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COVID - 19 21 Oct, 2021 Follow News


By Michael Jarvis, London UK


The UK, especially England, could face a reimposition of some COVID restrictions if cases continue to rise.

Hosting the first UK government COVID update press conference since September on Wednesday Health Secretary Sajid Javid sounded the warning as infections reached over 49,000, the highest since July this year and outstripping the rate for the same period last year.

He said while the government is reluctant to go that route it would not altogether rule it out if the situation worsens.

Placing emphasis on the UK’s successful vaccine rollout to date, Mr Javid however cautioned that the effectiveness of the two doses would start waning after six months and urged people to get their booster shots.

The UK’s mass COVID-19 vaccination programme started last December and peaked in the Spring of this year. There has been a noticeable slowing in uptake recently.

The Health Secretary is encouraging those not yet vaccinated to come forward to get their shots, including those eligible for the booster dose.

More than 49 million people have had a first vaccine dose - about 86% of over-12s, with around 45 million - about 79% of over-12s - having had both doses.

However, the vaccination rate has fallen with the number of first doses administered daily now averaging about 33,000 - far below a peak of around half a million in March this year.

Speaking on Wednesday, Mr Javid warned: "None of us want to go backwards now, so we must all play our part in this national mission".

He also issued a fresh plea for people to come forward for their COVID vaccinations and booster jabs, if they are eligible.

"We've got the jabs, we just need the arms to put them in," he added.

There is growing concern among medical experts in the UK that the recent surge in cases could get worse in the coming winter putting pressure on the country’s National Health Service(NHS) now forced to cope with a new wave of infections.

According to UK government figures, between July and October this year, there were just over three million cases, with 79,000 people ending up in hospital.

Compared to October and January last year, there were just over 2.7 million cases, but more than 185,000 people needed hospital treatment.

The vaccine rollout is largely responsible for the reduction in hospitalisations but with cases increasing again it is feared that this will put added pressure on the NHS which struggling to clear a huge backlog of other non-COVID illnesses.

There is also currently a serious flu outbreak putting further strain on NHS resources.

Against that background, some medical experts and agencies are calling on the government to initiate its ‘Plan B’ COVID restrictions to avoid the NHS becoming overwhelmed.

He had previously said the government could activate its Plan B restrictions if it felt the NHS came under what he had described as "unsustainable pressure".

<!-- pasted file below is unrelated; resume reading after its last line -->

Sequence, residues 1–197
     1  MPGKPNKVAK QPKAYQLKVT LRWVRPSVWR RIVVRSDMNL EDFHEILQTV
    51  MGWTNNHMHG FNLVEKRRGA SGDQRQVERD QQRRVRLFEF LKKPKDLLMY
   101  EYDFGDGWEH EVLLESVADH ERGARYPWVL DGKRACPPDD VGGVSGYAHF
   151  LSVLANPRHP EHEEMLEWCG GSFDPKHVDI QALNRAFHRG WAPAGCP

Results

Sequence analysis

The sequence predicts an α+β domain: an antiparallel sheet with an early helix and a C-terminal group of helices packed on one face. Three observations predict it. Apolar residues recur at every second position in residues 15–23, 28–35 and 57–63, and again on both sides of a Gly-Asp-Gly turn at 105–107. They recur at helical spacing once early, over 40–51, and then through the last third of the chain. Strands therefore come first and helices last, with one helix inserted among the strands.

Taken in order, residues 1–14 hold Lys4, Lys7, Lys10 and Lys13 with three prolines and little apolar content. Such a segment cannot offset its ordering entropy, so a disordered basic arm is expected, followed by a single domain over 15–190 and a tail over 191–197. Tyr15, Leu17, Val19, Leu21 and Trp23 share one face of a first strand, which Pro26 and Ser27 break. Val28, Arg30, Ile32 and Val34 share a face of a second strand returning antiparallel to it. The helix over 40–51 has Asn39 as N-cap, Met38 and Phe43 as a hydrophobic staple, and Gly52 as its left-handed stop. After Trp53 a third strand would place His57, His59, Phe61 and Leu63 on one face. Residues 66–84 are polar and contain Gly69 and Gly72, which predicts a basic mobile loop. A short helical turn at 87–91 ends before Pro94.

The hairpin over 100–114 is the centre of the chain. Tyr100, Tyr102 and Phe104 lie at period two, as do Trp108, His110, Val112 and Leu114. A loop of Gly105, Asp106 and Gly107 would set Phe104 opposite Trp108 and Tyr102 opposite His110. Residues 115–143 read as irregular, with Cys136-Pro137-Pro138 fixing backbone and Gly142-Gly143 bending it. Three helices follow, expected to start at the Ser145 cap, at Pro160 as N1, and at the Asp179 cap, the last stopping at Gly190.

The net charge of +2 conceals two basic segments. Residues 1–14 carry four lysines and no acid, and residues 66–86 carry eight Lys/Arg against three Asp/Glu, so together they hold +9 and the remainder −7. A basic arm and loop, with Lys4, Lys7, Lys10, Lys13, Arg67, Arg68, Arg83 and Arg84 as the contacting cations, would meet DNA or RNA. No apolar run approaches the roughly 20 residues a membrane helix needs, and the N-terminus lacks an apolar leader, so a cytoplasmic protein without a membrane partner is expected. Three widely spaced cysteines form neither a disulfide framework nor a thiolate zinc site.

Plan B entails, introducing mandatory Covid passports, making face coverings compulsory again, advising people to work from home and mounting a massive information campaign ‘communicating clearly and urgently to the public that the level of risk has increased, and that they need to behave more cautiously’.

On the latter point, Mr Javid said, “This pandemic is not over. We must all remember that this virus will be with us for the long-term and it remains a threat."

He placed the onus on the public to act responsibly “to protect each” other and prevent a further surge in cases.

That he said includes wearing face masks, practising hand hygiene and adhering to preventive protocols where they apply.

There has been a noticeable fall-off in mask-wearing.

The UK relaxed many restrictions sooner than most of the rest of Western Europe with people in England, Wales and Scotland able to go to nightclubs and attend sports and other events in unrestricted numbers since the summer.

The government advises the public to “wear face coverings in crowded and enclosed areas where you come into contact with people you do not usually meet”.

That is advisory and is not rigidly enforced which has led several health experts and organisations to call on the government to now make it and other measures mandatory over fears of the current spike in cases worsening.

The rate of mortality, although not at levels experienced earlier this year, is however again starting to rise with deaths averaging over 100 per day.

The Health Secretary says the situation is constantly being monitored, and while they are reluctant to institute tougher measures, the government will if it has to.

He appealed to people to come forward for their COVID vaccinations and booster jabs, and to take responsibility for their own safety especially when out and about.

“We think it is the right decision to learn to live with this virus... it’s asking people to take more responsibility.”

Mr Javid warned that COVID cases could hit 100,000 a day, but he confirmed England will not yet move to Plan B to deal with pressures on hospitals this winter.

"After the decisive steps that we've taken this year, none of us want to go backwards now,” he said.

“This pandemic is not over. We must all remember that this virus will be with us for the long-term and it remains a threat."

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